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    Member Entropy's Avatar
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    Faux Transit Chest Questions

    The Maltby in my previous post is coming along nicely. Seems accurate enough with irons, but aging peepers required me to put some optics on it before I started the process of finding an accurate load. Along with that side of the project, I’m planning on building a transit chest...well...because. I figure it will be a nice little winter shop project for some snowy days that aren’t occupied with any of the other dozen projects going on.

    Lumber has been acquired. The dovetail jig has been located and dusted off. I am however, searching and scratching my head a bit on the paint for the exterior, and the stain for the interior. Has anyone stateside sourced out the appropriate colors from easily obtainable sources? I’m not interested in finding the exact milk based formula or anything...latex or oil would suffice for me just fine. Same for the interior stain. It’s difficult with internet pics to go get a decent color match, and unfortunately I don’t have a chest to drag into the local big box store to have them scan it.

    I appreciate any help anyone may have, and I will certainly keep all posted on the progress. Tis the season for sawdust!

    Last edited by Entropy; 11-25-2020 at 12:02 PM.

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    Contributing Member Micheal Doyne's Avatar
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    Milk based paint...?

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    Member Entropy's Avatar
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    Quote Originally Posted by Micheal Doyne View Post
    Milk based paint...?
    Yes. Someplace on here I read that that was the original formula way back when. Unless of course I missed something in the translation...like “bonnet” or “chips”... Entirely possible right there!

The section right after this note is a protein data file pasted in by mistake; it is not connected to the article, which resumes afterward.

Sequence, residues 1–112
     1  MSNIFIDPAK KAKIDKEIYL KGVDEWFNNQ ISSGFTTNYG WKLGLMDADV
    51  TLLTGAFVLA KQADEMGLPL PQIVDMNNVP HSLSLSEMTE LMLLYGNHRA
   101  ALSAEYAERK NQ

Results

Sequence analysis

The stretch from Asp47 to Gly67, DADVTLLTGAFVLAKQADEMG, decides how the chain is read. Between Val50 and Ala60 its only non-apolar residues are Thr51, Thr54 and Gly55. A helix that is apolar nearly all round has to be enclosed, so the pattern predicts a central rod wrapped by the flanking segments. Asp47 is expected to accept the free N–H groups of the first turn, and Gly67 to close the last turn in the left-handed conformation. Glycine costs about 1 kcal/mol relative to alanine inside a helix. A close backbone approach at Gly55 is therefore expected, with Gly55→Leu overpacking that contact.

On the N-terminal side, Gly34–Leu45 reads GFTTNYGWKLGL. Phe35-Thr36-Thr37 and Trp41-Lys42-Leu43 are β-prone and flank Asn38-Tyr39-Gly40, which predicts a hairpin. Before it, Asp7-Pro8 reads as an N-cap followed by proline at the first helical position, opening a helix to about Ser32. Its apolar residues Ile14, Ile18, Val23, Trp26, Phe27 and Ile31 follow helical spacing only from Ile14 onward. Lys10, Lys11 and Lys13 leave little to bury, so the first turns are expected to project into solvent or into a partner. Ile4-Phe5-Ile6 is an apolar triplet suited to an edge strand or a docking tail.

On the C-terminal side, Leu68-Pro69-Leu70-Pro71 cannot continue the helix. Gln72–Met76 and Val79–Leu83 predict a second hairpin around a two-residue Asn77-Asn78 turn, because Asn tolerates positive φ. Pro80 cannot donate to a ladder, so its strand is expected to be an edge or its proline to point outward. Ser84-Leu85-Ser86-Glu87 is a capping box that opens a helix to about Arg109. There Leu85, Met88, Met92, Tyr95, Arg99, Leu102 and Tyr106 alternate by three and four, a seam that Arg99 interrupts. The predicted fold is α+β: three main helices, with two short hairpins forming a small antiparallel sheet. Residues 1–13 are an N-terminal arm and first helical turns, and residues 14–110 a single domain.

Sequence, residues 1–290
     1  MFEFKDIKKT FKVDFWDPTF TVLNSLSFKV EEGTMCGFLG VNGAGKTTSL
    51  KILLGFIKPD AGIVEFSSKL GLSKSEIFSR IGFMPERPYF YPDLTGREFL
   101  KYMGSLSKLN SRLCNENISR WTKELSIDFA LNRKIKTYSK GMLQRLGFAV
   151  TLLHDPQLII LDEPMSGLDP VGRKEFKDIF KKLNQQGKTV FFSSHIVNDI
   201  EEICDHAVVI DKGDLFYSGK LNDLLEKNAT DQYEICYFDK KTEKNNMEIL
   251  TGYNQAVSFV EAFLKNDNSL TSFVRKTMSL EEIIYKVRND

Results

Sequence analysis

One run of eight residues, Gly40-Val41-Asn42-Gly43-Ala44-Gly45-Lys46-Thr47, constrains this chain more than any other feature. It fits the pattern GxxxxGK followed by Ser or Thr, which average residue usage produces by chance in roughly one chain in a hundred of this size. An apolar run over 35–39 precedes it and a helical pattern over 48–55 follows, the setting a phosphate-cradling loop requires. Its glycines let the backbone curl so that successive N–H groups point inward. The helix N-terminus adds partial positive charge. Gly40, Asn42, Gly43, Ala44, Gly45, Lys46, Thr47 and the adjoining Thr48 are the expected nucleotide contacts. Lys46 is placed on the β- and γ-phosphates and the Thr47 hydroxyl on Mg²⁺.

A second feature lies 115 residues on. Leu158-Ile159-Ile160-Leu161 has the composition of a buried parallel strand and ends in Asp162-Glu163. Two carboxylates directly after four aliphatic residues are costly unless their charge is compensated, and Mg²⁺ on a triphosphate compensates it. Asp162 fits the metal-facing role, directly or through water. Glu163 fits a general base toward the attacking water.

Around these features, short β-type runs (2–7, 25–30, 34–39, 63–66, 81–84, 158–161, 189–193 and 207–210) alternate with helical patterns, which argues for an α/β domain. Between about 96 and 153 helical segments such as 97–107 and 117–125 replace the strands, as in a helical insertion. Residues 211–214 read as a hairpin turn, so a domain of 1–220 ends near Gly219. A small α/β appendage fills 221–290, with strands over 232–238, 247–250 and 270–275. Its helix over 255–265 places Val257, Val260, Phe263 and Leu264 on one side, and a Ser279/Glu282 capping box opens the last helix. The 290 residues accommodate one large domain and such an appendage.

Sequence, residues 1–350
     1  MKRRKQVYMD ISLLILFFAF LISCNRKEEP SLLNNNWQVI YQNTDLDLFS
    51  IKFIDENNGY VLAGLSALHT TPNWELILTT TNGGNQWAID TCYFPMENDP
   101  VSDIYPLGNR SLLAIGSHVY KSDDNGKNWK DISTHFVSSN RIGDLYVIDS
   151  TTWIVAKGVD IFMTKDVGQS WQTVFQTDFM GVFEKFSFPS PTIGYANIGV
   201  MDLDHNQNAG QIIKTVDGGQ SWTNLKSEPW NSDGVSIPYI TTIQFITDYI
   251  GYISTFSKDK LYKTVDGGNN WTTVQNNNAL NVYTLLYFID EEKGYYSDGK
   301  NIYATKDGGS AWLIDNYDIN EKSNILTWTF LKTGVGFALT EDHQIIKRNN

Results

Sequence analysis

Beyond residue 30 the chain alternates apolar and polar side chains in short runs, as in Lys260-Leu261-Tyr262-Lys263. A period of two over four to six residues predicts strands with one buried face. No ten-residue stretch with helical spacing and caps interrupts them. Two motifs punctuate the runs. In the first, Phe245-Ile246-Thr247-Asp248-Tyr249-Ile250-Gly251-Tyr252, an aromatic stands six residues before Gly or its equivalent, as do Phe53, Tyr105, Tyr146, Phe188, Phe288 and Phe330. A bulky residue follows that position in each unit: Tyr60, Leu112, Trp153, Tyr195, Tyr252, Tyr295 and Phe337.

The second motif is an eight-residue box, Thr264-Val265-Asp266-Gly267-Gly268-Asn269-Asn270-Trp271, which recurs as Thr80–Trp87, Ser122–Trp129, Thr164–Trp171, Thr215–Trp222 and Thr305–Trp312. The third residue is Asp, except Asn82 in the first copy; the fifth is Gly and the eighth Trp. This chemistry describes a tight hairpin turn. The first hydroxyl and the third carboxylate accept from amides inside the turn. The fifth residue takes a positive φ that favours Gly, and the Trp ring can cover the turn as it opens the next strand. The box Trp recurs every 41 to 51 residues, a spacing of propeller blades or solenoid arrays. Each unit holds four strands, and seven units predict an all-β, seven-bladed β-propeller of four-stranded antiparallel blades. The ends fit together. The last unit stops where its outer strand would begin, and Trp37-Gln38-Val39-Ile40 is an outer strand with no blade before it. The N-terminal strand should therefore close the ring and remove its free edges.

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    Quote Originally Posted by Entropy View Post
    Yes. Someplace on here I read that that was the original formula way back when. Unless of course I missed something in the translation...like “bonnet” or “chips”... Entirely possible right there!

    Update:

    Dug a bit more here. Not sure how I initially missed it. The color has been described as “Deep Bronze Green”. The reference to “organic milk paint” was indeed from another forum.

    The search continues...

    Upon further-further investigation...”Deep Bronze Green” seems to be quite close to “Britishicon Racing Green” or “Land Rover Green”... ��
    Last edited by Entropy; 11-25-2020 at 04:19 PM.

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    Contributing Member Flying10uk's Avatar
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    Quote Originally Posted by Entropy View Post
    milk based formula
    I don't think references to milk/cups of tea etc are supposed to be taken literally in relation to paint.

    I would suggest "Very Dark Drab" (Olive) which is a dark khaki colour.

    You should be able to get any colour you want in the US just from the RAL. number or equivalent number.

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    Appreciate the insight. I did find several close matches at a stateside paint center called Sherwin Williams. I learned that each color has a specific ID that can be searched and duplicated. 35 years of marriage has paid off!